While added sugar in any form can contribute to negative health outcomes, sugary drinks are very easily and quickly consumable and habit-forming. Added sugar in grocery foods is a problem not covered in this tax, but I do not believe that is a reason not to support the tax. Items like frappuccino made in a coffeeshop or restaurant are not covered due to their inherently high cost as a full-service item. However, a frappuccino sold in a store would be required to pay the tax.

  1. “The tax is regressive and disproportionately targets poorer populations and makes food scarcity worse”

As I made clear above, the sugar industry already targets poorer populations with marketing. The sugary drink tax does not contribute to food scarcity because sugary drinks should not be considered food, and healthier alternatives will be more attractive given the additional tax on sugary drinks.

City of Boulder Ballot Question 2I

Clarify and Amend Blue Line, Water Not Supplied

West of Line
YES/FOR

Shall the boundary described in Boulder Home Rule Charter
section 128A and approved by the voters in 1959 that provides
that the City of Boulder shall not supply water for domestic,
commercial, or industrial uses to land lying on the westward side
of the line be amended to clarify the location of the boundary
and to allow the provision of water service to existing developed
properties as described in Ordinance No. 8133, and further shall
the standards in Charter section 128A be amended to clarify the
conditions and eligibility for water service as described in
Ordinance No. 8133?

I am voting YES on the measure. The measure works to clarify an existing section of the charter without significant change to the existing line. Image below in this Daily Camera piece: Boulder’s murky Blue Line could get clarity from voters in November

NewBlueLine

City of Boulder Ballot Question 2J

Provide Insurance Benefits for Council Members

YES/FOR

Shall section 7, “Compensation,” of the Boulder Home Rule
Charter be amended pursuant to Ordinance No. 8132 to allow
council members serving on January 1, 2020 and after to be
eligible to receive benefits under the same terms and conditions
that are available to full-time city employees including without
limitation participation in city health, vision, dental and life
insurance plans?

I am voting YES on the measure. The measure provides a significant and needed benefit to members of the city council, whom make approximately $12,000 per year for a job that typically consumes 25 or greater hours per week. Given that previous pay increases have been rejected, this is a measure that would help increase the supply of people who might consider serving on the city council.

City of Boulder Ballot Question 302

Qualifications of Council Members
YES/FOR

Shall section 4 of the Boulder Home Rule Charter be amended
by adding a new paragraph to restrict council members to three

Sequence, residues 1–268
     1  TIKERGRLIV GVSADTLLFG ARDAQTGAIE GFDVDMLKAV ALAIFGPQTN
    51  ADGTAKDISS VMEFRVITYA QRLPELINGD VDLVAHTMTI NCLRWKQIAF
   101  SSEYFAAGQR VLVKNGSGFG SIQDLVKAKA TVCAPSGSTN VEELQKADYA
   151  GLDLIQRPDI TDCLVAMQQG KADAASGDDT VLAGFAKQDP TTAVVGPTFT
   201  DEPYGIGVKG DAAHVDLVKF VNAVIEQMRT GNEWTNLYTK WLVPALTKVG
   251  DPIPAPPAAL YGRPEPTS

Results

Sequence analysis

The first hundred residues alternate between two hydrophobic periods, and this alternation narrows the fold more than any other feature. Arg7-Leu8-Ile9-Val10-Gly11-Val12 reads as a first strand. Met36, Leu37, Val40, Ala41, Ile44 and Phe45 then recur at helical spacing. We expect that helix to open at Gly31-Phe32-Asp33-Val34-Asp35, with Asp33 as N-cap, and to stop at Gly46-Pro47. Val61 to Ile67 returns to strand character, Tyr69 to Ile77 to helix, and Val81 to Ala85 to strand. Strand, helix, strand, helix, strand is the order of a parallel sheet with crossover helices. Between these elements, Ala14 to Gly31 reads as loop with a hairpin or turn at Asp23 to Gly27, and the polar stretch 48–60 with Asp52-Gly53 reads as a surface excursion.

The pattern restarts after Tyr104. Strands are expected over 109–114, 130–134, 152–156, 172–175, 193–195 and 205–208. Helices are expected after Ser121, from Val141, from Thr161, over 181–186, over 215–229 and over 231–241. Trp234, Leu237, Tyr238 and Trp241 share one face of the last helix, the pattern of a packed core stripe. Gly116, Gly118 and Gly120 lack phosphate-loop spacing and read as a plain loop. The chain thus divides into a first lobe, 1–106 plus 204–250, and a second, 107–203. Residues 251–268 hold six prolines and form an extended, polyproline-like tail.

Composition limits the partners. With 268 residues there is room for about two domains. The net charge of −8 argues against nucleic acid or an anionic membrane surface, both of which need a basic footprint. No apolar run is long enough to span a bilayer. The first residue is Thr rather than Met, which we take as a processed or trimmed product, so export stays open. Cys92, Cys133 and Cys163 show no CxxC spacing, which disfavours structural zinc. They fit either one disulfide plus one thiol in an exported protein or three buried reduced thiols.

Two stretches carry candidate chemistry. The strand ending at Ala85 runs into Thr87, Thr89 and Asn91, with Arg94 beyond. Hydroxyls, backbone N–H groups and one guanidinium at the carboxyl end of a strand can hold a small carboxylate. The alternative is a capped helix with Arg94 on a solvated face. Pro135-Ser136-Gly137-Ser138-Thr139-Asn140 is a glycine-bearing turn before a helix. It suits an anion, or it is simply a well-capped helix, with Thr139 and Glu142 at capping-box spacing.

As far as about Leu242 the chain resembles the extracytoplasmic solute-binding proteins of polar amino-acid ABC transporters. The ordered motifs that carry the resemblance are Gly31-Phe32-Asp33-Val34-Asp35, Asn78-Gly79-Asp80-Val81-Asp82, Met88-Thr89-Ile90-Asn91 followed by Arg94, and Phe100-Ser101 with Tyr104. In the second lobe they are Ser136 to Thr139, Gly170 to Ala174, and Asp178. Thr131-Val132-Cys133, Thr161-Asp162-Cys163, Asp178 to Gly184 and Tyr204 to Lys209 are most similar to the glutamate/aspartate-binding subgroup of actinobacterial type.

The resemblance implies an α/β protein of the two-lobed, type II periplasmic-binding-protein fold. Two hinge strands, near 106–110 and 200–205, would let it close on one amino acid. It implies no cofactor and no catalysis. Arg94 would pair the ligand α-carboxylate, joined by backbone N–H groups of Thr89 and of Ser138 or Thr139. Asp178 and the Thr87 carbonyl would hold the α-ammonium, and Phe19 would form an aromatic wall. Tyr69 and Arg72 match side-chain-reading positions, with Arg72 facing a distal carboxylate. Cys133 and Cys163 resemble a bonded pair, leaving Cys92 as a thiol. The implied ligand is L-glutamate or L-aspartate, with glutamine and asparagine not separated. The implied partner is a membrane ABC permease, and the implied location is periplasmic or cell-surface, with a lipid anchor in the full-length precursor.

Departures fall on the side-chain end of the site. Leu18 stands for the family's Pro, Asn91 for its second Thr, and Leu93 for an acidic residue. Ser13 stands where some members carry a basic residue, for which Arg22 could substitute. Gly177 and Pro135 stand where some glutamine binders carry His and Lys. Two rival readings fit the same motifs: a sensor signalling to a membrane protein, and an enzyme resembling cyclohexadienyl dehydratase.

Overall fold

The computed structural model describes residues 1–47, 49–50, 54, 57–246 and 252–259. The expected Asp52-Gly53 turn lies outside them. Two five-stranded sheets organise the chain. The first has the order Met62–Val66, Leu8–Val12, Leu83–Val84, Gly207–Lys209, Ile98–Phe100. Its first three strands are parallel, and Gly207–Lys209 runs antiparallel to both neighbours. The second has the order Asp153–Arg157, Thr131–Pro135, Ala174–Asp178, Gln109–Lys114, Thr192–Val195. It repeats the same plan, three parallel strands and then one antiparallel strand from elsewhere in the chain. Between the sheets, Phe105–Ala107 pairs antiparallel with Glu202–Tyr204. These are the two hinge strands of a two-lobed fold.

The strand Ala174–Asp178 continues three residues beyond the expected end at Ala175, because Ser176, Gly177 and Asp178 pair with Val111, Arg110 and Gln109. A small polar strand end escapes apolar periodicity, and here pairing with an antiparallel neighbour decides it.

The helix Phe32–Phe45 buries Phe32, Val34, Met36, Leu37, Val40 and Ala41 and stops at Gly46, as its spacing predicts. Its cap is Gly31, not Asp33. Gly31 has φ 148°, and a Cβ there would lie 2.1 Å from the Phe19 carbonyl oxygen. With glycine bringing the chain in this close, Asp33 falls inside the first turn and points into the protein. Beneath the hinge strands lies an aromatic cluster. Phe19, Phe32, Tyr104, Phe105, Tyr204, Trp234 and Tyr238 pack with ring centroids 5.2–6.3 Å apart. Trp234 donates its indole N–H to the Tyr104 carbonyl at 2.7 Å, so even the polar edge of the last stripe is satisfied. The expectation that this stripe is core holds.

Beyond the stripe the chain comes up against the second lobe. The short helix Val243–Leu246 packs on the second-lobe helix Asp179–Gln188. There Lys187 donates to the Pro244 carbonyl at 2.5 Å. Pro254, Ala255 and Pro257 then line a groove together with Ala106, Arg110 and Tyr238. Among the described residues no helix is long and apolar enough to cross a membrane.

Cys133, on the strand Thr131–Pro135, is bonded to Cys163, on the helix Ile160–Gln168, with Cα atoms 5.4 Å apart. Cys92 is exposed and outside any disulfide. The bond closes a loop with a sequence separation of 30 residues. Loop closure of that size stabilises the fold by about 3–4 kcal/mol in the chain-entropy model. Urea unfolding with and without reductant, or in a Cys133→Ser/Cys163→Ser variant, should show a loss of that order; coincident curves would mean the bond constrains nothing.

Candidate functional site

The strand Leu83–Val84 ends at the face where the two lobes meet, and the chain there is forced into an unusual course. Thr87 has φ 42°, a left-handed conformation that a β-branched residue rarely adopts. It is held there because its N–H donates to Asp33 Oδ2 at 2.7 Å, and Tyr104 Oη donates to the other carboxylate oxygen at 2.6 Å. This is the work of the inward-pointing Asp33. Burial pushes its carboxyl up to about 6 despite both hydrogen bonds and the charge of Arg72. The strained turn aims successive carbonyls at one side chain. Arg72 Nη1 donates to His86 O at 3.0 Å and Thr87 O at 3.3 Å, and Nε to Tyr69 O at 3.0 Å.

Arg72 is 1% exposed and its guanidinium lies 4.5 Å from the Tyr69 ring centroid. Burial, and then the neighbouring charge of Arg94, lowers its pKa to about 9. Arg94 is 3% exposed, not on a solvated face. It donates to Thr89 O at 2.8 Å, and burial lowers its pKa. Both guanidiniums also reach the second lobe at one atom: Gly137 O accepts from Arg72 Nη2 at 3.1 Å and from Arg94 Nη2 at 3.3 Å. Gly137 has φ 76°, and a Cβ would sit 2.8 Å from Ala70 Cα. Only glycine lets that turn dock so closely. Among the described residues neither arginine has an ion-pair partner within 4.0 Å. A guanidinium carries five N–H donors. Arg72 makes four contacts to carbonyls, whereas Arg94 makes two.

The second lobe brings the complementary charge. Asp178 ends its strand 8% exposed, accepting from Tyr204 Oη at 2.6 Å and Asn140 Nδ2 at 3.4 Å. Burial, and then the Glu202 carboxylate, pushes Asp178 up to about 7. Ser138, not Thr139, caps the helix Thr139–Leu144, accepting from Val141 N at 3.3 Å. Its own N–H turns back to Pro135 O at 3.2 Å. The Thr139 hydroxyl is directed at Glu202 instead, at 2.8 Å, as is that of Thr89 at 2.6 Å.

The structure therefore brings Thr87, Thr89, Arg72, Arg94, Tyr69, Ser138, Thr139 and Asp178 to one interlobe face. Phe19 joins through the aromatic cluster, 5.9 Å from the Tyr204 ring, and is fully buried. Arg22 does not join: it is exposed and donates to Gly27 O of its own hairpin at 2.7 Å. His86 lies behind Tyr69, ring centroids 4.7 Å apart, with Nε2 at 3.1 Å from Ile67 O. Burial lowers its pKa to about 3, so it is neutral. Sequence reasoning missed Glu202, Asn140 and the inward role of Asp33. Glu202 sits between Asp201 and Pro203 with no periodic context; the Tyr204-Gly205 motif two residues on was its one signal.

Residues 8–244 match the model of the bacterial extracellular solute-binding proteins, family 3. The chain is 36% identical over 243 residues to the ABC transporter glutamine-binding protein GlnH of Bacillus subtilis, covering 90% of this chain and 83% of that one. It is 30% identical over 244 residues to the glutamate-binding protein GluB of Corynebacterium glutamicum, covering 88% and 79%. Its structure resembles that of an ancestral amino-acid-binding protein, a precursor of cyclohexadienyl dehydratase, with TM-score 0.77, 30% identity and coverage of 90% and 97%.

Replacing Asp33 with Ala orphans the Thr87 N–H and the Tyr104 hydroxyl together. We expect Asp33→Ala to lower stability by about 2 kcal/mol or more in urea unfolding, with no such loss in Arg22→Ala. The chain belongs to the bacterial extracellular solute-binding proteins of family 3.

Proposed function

terms in the person’s lifetime, which requirement shall apply to
any candidate for council after November 8, 2016?

I am voting YES on the measure. I will review a number of arguments against the measure:

“Term limits are not needed based on historical precedent and have the appearance of targeting current council members”

While Richard Valenty makes a compelling case against term limits using historical data, the strength of incumbency and bias toward older and retired members of the community are powerful counter-arguments.

“The measure only reduces the supply of people who can run for city council, and does not increase it”

I agree that the measure would reduce the supply of people available to run for council, and does not address other reasons that other demographics do not run (very little pay and benefits). I support both increasing city council pay and increasing benefits (City of Boulder Ballot Question 2J)

“Other policy to increase equity in who can run for city council is more important”

I agree. Yet the policy on term limits is reasonable policy looking forward as the city grows, while recognizing the need that Boulder has more work ahead to give broader representation of various people who may run for city council.

BOULDER VALLEY SCHOOL DISTRICT BALLOT

ISSUE 3A:

YES/FOR

SHALL BOULDER VALLEY SCHOOL DISTRICT RE-2 TAXES
BE INCREASED BY $10,000,000 IN 2016 FOR COLLECTION
IN 2017 AND BY WHATEVER AMOUNTS IN ANY YEAR
THEREAFTER AS ARE RAISED FROM A MILL LEVY WHICH
SHALL NOT EXCEED FOUR (4) MILLS, PROVIDED THAT NO
MILL LEVY INCREASE FROM YEAR TO YEAR SHALL
EXCEED ONE (1) MILL, FOR THE PURPOSE OF PROVIDING
ONGOING CASH FUNDING FOR CAPITAL CONSTRUCTION,
NEW TECHNOLOGY, EXISTING TECHNOLOGY UPGRADE,
AND MAINTENANCE NEEDS OF THE DISTRICT [Truncated]

I am voting YES on the measure. Colorado funds education far below other states, largely because of TABOR, and local funding is needed to make up the gap.

The Denver Metropolitan Scientific and Cultural

Facilities District (“SCFD”) Ballot Issue 4B

YES/FOR

SHALL THERE BE AN EXTENSION UNTIL JUNE 30, 2030, OF